Re: [scrumdevelopment] Re: Tracking number of passed story acceptance criteria during the sprint
- Yes, that seems sensible to me.
But I don't think it's the whole story.
For example, as well as making decisions that are the best we
can do right now, we can also make decisions specifically to explore
the space. That is, we specifically do things to learn, rather than produce.
In some areas, such as Industrial Design, a common technique is to produce
not one design to try out, but several, and then evaluate them all learning
from all of them before moving on to the next iteration.
That seems a way of working that we could consider more.
It does have costs, but also benefits.
> Your comment reminds me of the notion of treating requirements as real
> options; one of the popular trends these days. Sure, there's no final
> and absolute and permanent "right answer." The best we can do is try
> and identify the most beneficial decision we can make at the moment,
> and be ready to adjust that decision later as more information becomes
> available. I think that reflects reality better than the old notion of
> getting all the requirements "right" the first time.
> --- In email@example.com
> <mailto:scrumdevelopment%40yahoogroups.com>, Robert Biddle
> <Robert_Biddle@...> wrote:
> > Ron Jeffries wrote:
> > >
> > > Hello, Robert. On Saturday, February 28, 2009, at 6:26:08 PM, you
> > > wrote:
> > >
> > > > It's a wording issue: I find some people who think that
> > > > "acceptance" means "now and forever". This all also concerns
> > > > tracking, because some people think that changing accepted stories
> > > > indicates a bad problem, and so on and so on...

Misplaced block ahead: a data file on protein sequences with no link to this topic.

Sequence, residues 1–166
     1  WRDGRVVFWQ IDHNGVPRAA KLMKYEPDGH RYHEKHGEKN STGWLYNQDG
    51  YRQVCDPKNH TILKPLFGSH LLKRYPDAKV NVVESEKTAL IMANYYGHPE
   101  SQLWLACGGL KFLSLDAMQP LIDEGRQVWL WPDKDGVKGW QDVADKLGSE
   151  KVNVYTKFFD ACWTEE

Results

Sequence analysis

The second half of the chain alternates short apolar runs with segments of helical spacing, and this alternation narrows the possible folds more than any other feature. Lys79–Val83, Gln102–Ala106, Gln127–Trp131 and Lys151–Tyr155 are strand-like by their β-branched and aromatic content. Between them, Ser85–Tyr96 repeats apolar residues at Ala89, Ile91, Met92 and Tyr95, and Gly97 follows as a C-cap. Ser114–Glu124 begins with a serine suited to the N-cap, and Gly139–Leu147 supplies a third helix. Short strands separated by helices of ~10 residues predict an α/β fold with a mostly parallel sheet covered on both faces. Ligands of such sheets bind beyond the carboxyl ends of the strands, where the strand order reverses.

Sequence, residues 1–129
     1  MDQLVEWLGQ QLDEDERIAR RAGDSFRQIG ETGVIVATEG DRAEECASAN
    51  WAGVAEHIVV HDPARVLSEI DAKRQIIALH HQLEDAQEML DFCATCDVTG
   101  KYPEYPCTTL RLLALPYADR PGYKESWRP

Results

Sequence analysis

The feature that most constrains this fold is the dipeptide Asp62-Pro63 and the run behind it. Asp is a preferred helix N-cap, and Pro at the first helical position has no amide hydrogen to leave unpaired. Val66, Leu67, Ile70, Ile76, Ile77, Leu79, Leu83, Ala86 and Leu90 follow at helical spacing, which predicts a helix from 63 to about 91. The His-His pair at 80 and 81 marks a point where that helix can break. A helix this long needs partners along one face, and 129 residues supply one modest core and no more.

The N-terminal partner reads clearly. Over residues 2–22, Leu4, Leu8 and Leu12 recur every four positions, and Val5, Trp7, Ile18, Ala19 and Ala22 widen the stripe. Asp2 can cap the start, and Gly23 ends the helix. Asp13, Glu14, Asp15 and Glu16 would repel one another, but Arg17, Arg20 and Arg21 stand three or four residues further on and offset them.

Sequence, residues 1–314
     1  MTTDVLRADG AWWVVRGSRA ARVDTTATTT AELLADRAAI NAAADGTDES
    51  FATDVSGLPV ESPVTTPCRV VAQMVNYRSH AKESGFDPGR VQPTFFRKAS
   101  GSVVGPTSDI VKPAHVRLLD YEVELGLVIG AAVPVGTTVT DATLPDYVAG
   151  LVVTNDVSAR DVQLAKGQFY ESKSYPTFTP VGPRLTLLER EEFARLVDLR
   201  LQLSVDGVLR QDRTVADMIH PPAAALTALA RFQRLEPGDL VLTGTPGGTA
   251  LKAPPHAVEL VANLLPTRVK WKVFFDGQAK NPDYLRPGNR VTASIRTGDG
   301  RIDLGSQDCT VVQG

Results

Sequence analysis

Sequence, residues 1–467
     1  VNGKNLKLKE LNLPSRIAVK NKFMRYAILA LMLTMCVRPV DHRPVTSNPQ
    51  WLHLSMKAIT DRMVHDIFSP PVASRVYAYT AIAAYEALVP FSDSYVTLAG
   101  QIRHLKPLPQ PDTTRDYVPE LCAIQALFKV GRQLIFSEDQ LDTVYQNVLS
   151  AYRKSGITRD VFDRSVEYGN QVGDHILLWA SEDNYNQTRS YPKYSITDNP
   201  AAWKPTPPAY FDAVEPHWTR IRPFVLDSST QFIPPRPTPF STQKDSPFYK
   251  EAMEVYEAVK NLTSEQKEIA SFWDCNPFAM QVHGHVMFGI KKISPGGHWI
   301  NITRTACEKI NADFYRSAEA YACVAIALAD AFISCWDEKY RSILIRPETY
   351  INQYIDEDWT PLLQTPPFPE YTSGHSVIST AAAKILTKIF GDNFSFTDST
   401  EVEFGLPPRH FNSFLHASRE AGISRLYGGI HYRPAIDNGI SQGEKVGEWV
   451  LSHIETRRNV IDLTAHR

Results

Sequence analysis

> > >
> > > Yes ... though I think one has to consider that changing stories
> > > does constitute a kind of waste. It'd be better, obviously, to get
> > > everything right the first time. Just not possible.
> > >
> > I think you and agree on the result here, but maybe not on the
> > In my view, it's not just that it is not possible to get it right:
> > it's that there is no such thing as right.
> > The truth is like puppies, a bunch of 'em runnin' around and you pick
> > your favorite.
> > But I suspect we disagree on that.
> > :-)
> > Robt
- Hello, Robert. On Saturday, March 7, 2009, at 1:51:27 PM, you
> What seemed odd to me about your game is that it seemed to involveMaybe next game, with that point. :)
> no decision making during play. I had been expecting to see some kind of
> evaluation and some kind of decision-making about making changes.
Attend our CSM Plus Course!
The model that really matters is the one that people have in
their minds. All other models and documentation exist only to
get the right model into the right mind at the right time.
-- Paul Oldfield